[Notes: "serotonergic" refers to nerve cells that use serotonin as their neurotransmitter. Alleles are mutually exclusive forms of the same gene. Polymorphism is the existence of two or more alleles of a gene, where the frequency of the rarer alleles is greater than can be explained by recurrent mutation alone.]

Based on a possible involvement of serotonergic dysfunction in the pathophysiology of fibromyalgia (FM) and on preliminary reports of a possible genetically driven vulnerability for this disorder, the authors investigated the silent T102C polymorphism of the 5-HT2A-receptor gene in 168 FM patients and 115 healthy controls. They found a significantly different genotype distribution in FM patients and suggest that while theT102C polymorphism is not directly involved in the cause of FM, it may be linked to an as-yet-unspecified variant which is.

The abstract may be read at:
http://www.ncbi.nlm.nih.gov/htbin-post/Entrez/query?uid=10527809&form=6&db=m&Dopt=b

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Posted to Co-Cure Fri, 22 Oct 1999 10:29:51 -0400

Borna disease virus infection in two family clusters of patients with CFS

Borna disease virus infection in two family clusters of patients with chronic fatigue syndrome.
Authors: Nakaya T, Takahashi H, Nakamur Y, Kuratsune H, Kitani T, Machii T, Yamanishi K, Ikuta K
Section of Serology, Institute of Immunological Science, Hokkaido University, Sapporo, Japan.
Journal: Microbiology and Immunology 1999;43(7):679-89
NLM citations: PMID: 10529109, UI: 99456388

Within the two families, all members with CFS were infected with BDV, with antibodies to viral p40, p24 and/or gp18 and BDV p24 RNA in peripheral blood mononuclear cells. All but one of the healthy members were negative by both assays.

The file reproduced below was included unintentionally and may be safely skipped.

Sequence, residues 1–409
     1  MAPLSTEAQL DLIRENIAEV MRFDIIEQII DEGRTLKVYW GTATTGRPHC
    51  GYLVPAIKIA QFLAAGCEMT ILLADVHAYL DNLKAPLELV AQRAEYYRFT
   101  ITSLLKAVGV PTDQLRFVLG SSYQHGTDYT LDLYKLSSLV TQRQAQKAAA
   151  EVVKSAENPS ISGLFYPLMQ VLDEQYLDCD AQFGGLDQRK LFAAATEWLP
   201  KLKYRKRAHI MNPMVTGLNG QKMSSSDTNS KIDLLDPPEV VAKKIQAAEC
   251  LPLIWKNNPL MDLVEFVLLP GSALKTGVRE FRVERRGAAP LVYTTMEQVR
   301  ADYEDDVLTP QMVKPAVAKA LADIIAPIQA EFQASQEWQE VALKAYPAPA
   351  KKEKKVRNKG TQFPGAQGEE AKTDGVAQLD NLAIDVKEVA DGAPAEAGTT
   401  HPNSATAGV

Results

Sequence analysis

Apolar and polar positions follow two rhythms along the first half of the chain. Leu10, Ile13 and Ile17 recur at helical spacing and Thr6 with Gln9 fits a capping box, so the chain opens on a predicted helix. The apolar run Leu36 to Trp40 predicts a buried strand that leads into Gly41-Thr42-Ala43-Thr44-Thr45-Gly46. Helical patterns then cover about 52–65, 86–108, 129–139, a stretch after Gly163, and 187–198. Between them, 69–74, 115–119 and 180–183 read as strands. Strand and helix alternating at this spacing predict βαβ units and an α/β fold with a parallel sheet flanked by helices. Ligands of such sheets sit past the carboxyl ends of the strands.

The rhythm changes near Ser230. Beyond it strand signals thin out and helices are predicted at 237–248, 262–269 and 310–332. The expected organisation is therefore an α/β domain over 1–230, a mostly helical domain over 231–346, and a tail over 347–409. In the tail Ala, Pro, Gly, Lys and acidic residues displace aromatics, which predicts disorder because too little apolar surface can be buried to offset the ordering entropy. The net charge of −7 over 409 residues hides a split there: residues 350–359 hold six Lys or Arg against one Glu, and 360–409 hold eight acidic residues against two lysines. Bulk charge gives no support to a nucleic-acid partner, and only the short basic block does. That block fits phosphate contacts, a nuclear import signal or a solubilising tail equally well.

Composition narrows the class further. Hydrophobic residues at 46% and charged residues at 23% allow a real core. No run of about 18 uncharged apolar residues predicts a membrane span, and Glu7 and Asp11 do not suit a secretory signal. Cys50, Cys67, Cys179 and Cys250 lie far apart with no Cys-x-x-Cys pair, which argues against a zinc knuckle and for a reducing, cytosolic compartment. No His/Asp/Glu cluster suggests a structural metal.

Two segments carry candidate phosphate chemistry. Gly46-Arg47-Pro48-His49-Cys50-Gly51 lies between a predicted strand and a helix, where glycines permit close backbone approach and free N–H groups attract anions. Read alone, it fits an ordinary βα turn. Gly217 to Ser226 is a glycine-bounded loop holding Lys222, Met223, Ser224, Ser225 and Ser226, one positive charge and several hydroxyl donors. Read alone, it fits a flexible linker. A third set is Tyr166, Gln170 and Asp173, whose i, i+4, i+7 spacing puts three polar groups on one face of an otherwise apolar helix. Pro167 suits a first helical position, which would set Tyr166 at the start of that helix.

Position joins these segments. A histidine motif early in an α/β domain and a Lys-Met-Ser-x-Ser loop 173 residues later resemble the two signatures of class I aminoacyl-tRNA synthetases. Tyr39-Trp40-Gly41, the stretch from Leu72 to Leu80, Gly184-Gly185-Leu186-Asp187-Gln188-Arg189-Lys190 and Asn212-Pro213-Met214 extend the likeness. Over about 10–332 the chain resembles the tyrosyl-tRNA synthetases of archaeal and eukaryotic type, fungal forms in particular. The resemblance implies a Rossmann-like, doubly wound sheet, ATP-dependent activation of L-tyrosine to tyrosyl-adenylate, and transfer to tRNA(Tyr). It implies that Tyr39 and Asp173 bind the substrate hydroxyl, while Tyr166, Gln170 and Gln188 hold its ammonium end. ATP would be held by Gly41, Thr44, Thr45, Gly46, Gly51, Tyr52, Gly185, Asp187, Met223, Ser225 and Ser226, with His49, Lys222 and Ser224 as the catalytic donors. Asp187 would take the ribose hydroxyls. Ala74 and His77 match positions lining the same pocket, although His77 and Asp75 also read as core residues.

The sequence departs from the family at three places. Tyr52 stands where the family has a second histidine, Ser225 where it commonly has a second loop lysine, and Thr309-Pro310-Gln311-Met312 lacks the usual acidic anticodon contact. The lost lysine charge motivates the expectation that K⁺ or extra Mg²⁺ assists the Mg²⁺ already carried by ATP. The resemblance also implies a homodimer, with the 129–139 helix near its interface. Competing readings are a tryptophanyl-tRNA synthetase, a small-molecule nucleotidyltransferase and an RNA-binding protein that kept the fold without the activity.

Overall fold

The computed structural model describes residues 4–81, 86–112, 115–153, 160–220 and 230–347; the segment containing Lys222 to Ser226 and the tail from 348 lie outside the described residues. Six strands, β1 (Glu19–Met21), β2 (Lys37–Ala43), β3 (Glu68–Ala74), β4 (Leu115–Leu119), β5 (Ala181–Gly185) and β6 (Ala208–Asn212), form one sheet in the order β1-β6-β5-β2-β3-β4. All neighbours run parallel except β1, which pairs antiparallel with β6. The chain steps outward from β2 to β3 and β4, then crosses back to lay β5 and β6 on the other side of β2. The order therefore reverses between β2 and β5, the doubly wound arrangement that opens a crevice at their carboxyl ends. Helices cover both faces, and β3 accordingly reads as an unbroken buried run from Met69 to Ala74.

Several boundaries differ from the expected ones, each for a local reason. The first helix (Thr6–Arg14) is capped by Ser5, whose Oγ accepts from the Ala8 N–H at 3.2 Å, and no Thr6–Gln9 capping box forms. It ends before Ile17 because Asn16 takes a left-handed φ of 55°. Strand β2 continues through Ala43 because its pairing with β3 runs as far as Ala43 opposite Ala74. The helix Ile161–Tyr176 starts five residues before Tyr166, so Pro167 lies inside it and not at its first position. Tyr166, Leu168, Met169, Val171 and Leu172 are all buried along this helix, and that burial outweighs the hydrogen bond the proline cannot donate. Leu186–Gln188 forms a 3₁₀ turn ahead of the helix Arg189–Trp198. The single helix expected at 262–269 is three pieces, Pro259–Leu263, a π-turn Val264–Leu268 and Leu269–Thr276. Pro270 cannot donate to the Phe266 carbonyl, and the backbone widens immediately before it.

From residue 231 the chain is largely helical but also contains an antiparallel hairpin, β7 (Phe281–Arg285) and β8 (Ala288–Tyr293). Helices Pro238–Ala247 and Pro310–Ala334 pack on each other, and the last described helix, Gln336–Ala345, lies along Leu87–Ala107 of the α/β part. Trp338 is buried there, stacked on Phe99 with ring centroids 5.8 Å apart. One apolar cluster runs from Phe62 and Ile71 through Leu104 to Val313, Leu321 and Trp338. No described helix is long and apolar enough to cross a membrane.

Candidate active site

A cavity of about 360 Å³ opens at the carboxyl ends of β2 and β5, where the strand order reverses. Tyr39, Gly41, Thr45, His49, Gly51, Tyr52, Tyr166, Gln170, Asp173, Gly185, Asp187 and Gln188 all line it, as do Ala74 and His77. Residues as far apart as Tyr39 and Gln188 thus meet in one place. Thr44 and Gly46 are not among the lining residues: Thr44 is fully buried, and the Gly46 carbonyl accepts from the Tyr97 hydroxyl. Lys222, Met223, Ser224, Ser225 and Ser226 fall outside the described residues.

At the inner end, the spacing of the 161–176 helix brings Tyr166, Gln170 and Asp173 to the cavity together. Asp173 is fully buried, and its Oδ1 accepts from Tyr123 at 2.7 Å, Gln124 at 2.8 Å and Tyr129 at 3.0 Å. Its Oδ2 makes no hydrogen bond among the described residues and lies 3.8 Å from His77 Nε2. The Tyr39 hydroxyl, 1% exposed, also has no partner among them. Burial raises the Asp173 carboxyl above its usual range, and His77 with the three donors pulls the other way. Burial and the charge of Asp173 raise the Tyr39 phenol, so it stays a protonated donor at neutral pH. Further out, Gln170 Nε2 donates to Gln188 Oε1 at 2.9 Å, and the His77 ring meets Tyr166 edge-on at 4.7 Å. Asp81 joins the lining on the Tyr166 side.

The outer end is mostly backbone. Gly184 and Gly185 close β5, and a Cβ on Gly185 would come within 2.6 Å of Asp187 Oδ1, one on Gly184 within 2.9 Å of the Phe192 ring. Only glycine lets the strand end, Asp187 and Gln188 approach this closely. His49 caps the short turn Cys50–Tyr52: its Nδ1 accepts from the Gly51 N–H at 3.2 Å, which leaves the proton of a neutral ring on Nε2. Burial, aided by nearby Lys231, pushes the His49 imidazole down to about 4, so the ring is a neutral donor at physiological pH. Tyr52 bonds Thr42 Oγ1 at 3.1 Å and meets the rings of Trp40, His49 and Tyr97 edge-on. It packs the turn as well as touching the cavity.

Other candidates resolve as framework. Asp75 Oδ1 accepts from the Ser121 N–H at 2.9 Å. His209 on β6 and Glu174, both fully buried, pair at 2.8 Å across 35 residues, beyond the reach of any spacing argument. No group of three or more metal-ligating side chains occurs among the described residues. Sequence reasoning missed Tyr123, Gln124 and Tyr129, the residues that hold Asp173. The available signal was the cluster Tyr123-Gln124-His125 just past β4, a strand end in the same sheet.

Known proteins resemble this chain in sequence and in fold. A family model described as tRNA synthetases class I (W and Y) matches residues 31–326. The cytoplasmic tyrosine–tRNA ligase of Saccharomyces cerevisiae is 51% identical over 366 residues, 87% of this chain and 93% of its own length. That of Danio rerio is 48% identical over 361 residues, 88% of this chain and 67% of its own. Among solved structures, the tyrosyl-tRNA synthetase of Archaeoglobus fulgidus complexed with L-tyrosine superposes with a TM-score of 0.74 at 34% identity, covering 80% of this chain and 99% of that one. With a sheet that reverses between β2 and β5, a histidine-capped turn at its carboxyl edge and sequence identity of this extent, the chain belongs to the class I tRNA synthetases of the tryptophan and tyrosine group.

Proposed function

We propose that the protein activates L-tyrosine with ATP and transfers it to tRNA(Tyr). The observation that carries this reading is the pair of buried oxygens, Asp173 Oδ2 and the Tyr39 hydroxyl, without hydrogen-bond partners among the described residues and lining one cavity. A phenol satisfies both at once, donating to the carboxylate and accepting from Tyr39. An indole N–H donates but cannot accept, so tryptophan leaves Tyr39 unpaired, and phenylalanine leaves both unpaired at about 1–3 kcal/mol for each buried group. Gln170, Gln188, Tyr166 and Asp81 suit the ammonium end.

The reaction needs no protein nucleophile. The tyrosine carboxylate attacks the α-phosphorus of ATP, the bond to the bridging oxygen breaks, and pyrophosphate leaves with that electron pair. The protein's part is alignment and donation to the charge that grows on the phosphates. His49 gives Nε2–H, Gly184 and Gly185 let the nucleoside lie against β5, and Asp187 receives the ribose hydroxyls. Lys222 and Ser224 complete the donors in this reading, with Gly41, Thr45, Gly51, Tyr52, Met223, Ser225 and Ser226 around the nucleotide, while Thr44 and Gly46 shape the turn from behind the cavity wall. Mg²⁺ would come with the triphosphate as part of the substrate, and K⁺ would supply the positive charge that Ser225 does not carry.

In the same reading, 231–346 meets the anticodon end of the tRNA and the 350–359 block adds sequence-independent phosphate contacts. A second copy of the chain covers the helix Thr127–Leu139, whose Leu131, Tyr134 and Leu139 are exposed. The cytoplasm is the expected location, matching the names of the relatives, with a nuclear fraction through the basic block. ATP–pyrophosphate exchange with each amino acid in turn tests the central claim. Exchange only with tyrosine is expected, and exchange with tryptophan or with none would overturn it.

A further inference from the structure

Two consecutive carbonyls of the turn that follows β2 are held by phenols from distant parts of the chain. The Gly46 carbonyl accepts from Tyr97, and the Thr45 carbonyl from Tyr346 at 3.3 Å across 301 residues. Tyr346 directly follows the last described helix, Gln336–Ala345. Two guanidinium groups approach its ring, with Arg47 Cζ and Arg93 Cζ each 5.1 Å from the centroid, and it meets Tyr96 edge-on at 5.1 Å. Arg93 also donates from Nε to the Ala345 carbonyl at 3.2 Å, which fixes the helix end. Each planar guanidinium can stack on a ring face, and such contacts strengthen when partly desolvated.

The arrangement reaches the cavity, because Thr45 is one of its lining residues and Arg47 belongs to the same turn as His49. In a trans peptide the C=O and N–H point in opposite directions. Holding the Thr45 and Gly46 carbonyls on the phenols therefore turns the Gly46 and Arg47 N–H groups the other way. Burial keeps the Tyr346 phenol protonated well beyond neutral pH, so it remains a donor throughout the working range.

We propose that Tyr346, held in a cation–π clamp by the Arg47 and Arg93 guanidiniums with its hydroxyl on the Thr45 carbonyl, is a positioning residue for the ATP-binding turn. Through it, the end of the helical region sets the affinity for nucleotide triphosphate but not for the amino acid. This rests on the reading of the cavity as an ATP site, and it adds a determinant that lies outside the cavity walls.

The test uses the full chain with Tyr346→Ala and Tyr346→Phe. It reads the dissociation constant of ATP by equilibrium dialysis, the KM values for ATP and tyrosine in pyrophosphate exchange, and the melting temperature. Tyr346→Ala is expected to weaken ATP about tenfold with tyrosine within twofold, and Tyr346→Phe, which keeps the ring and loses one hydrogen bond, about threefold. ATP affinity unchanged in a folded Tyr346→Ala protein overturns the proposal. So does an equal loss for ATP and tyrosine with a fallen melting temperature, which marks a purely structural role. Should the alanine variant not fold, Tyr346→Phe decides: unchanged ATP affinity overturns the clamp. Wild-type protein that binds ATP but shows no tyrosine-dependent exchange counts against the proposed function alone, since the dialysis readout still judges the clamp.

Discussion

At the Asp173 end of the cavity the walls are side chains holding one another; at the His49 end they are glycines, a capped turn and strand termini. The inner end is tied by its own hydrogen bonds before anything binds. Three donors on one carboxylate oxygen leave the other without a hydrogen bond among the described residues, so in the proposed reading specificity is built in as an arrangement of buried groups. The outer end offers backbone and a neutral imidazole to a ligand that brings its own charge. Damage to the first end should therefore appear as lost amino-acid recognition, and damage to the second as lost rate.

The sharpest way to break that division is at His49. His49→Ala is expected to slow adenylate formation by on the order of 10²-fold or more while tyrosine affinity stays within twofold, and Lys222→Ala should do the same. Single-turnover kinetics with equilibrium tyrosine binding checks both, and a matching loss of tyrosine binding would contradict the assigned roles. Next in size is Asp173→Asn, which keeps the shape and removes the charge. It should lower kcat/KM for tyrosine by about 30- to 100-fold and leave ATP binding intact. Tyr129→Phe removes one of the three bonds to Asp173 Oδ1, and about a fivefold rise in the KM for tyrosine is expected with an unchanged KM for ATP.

The abstract may be read at: http://www.ncbi.nlm.nih.gov/htbin-post/Entrez/query?uid=10529109&form=6&db=m&Dopt=b

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Posted to Co-Cure Thu, 21 Oct 1999 04:37:15 +0000 by Roger Burns of CFS-NEWS

CFS case definition to be revised by CDC

The Centers for Disease Control and Prevention (CDC) has announced on that they will convene a scientific panel to revise the case definition for chronic fatigue syndrome the year 2000. The announcement was made by the CDC's Dr. William Reeves at a meeting with CFS leaders on Oct. 13. Dr. Reeves has commented in recent years that the CFS definition will likely be revised someday to identify subgroups. At the recent meeting, Reeves said that the CDC now has enough information in hand to warrant a revision. No specific date was given as to when next year the scientific panel would be convened.

Regarding subgroups, Reeves was asked by Roger Burns (publisher of CFS-NEWS) about the key criterion that distinguishes M.E. (myalgic encephalomyelitis) from CFS. That criterion is that symptoms are exacerbated following exercise. Reeves was asked, given his broad knowledge of definitional issues regarding CFS, what are the advantages and disadvantages of creating a subgroup within CFS that requires that M.E. criterion. Reeves replied that "We are using that now", and he further said that there were many more advantages than disadvantages in accepting that criterion.

Jill McLaughlin of the National CFIDS Foundation then asked CDC officials to recognize M.E. as a separate and distinct illness. Jeffrey Koplan, Director of the CDC, said that request would be given consideration.

CDC officials will next be reporting in public about CFS issues at the upcoming meeting of the U.S. CFS Coordinating Committee on Nov. 2 in Washington, DC.

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Posted to Co-Cure Wed, 20 Oct 1999 12:22:20 -0400

Absence of Borrelia burgdorferi-specific immune complexes in chronic fatigue syndrome

Absence of Borrelia burgdorferi-specific immune complexes in chronic fatigue syndrome
Authors: Schutzer SE, Natelson BH
Department of Medicine, University of Medicine and Dentistry, New Jersey Medical School, Newark 07103, USA. schutzer@umdnj.edu
Journal: Neurology 1999 Oct 12;53(6):1340-1
NLM citations: PMID: 10522896, UI: 99450731